Food Services and Public Transportation dragging down averageby Paul Brammer (News & Opinion Editor)
The University of the Fraser Valley has scored high again in the Globe and Mail’s annual University Report.
In the main categories outlined by the Report’s magazine, the University scored their highest grades in: Class Size (A+); Quality of Education (A); Student – Faculty Interaction (A); and Ease of Course Registration (A). The school also received A – for Student Satisfaction and Quality of Teaching.
The more detailed grades and comparison at the University’s webpage also rewarded the school an A + for Personal Safety and Security on campus, and all but one of the University’s B, B+ or B – grades either equaled or bettered the national average at schools of the same size. The Globe and Mail report defines a “Small” school as any institution which has an enrolment of 4,000 to 12,000 full-time students.
Judging from the graded results, the statistic where the University appears to be head and shoulders above other schools nationwide the same size is in terms of class size – according to the report, the average size of a first-year class at UFV is 34 students. The national average at schools the same size is 128. The percentage of first-year classes at UFV with less than 30 students is 58%, which easily outstrips the national average of 28%.
UFV scored C+ grades in Availability and Affordability of Off-Campus Housing, which was equal to the national average. Student Residences scored below the national average of B – with a C + grade, and Physical Fitness, Sports and Recreation Facilities scored below the national B average with a C +.
Food Services scored the joint-lowest grade with a C -, though some absolution may come in the fact that this lowly grade was the equal of the national average. The worst score in terms of grade received and comparison to the national average was Availability to Public Transportation – the national average at schools of the same size was B -, and UFV scored a C -.
The University did not detail the scores it received below A – in a comparative table which, at first glance, suggests that UFV compares very well to other B.C. universities such as UBC, SFU and UVic. Indeed, in many aspects (such as class size and student-faculty interaction), UFV is a leader within the province, and, as the official UFV statement said, “UFV earned the most ‘A range’ grades for any public post-secondary institution of any size in British Columbia.”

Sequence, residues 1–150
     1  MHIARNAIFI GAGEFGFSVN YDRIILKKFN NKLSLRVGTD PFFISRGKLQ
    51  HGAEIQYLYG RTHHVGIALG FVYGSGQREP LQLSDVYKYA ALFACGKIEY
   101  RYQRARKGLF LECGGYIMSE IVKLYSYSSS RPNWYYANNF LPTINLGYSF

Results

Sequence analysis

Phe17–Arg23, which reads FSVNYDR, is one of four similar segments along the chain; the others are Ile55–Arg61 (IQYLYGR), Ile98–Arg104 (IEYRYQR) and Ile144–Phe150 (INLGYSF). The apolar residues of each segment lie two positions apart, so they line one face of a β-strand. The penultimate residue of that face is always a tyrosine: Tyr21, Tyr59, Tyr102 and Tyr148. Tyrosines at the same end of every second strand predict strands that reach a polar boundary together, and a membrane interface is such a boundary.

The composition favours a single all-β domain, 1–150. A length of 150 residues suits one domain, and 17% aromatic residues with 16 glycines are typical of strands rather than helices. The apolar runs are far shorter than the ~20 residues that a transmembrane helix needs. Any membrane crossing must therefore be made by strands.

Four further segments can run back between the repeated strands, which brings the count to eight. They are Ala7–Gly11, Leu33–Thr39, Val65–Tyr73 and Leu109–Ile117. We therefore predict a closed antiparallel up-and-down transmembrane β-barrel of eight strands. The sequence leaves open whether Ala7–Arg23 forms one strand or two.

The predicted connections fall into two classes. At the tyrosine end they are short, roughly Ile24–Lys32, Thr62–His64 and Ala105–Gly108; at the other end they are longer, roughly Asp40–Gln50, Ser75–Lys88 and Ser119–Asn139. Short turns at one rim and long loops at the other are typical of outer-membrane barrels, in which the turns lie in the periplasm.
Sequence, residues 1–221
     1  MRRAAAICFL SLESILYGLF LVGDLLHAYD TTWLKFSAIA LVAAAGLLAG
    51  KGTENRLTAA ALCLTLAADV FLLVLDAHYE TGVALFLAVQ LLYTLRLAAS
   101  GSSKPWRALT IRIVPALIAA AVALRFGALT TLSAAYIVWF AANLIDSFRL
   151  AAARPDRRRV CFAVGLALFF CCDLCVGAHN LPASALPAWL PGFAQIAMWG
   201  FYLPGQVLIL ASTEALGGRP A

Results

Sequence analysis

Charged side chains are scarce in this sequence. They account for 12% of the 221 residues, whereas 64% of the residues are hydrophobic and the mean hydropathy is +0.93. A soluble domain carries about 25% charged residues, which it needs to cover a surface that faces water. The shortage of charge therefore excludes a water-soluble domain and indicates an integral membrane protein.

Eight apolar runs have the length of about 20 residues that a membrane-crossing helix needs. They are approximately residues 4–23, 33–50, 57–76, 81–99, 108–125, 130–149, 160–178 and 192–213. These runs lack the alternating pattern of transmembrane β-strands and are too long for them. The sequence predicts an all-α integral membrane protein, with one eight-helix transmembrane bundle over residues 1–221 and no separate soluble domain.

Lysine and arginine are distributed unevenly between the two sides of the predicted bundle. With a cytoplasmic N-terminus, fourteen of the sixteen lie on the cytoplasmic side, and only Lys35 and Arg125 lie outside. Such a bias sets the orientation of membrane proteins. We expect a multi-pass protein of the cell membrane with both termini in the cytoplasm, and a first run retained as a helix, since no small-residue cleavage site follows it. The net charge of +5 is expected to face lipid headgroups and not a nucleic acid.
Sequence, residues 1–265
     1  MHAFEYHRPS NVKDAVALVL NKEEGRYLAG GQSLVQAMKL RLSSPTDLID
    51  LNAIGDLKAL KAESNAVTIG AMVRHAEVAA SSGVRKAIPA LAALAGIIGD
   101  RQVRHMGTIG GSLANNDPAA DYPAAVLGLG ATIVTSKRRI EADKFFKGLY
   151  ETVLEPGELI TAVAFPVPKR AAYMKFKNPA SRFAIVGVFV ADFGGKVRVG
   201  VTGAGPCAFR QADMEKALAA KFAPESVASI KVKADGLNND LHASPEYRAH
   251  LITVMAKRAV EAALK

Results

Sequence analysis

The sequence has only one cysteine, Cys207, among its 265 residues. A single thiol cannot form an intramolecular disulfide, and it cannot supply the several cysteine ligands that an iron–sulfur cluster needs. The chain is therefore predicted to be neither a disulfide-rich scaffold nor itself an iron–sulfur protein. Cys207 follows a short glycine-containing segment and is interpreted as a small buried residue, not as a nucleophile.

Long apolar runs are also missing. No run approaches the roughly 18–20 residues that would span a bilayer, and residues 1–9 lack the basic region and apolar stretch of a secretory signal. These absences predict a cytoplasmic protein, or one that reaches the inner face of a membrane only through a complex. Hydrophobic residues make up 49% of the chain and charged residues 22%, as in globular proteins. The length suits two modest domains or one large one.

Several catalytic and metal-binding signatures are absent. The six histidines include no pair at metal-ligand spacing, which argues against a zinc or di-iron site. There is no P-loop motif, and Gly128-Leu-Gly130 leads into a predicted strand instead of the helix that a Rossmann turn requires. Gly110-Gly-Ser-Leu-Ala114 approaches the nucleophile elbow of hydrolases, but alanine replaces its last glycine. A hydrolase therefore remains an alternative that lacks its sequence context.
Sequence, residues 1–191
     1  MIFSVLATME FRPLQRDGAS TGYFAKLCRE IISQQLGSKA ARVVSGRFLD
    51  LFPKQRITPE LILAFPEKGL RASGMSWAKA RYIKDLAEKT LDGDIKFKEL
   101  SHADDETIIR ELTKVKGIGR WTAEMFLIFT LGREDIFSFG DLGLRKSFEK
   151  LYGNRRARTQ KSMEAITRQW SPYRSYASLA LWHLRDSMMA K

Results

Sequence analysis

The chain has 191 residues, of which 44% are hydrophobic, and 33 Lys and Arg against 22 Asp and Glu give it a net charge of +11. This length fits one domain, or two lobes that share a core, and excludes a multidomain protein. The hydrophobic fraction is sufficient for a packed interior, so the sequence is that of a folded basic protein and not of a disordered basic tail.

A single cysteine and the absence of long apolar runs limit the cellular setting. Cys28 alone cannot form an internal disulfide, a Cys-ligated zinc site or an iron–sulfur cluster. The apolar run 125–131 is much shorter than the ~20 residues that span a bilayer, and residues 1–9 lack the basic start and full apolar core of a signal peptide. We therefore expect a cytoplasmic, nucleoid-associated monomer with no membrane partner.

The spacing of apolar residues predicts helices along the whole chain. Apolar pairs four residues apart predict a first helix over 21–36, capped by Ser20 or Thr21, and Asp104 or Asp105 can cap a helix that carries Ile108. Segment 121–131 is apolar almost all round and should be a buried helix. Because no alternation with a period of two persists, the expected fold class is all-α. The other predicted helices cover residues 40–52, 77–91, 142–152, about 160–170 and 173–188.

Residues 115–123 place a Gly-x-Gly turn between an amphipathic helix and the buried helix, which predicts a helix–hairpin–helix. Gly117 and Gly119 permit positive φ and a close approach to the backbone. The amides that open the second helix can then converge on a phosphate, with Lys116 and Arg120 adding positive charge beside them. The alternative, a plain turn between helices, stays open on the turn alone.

Of the five things in “What Students Say” about UFV, class sizes ranked second on the list, along with “Inexpensive tuition” and “Narrow field of course offerings.” Also, Criminology, Nursing, Aviation, Business and Kinesiology were five subjects reserved for special “kudos” by the report.
UFV also ranked in specific questions designed to ascertain what kind of personality a school has. UFV ranked sixth in ten of schools that are engaged in local issues, and sixth of ten in curricula that are “more applied than theoretical or practical.” The school also ranked seventh of ten in universities where professors tend to be casual with students, and third of ten in schools that “tries to spread resources evenly across all areas.”
UFV President Mark Evered welcomed the grades, and said that they “confirm that we are succeeding in our mandate of providing excellent, student-focused, educational opportunities. They also indicate that we are on track with our strategic goal of providing the best undergraduate education in Canada.”
The Globe and Mail report asked 35,000 students nationwide100 questions each, and from those answers developed a mean score which is converted into a grade based on a maximum of 9.0 points for each variable. For example, 8.2 points or greater is an A +, 7.8 to 8.2 is an A, and so on.
The University Report can be viewed as an e-magazine by visiting www.globecampus.ca, where a detailed report of UFV’s grades and a comparison to the national average can also be found.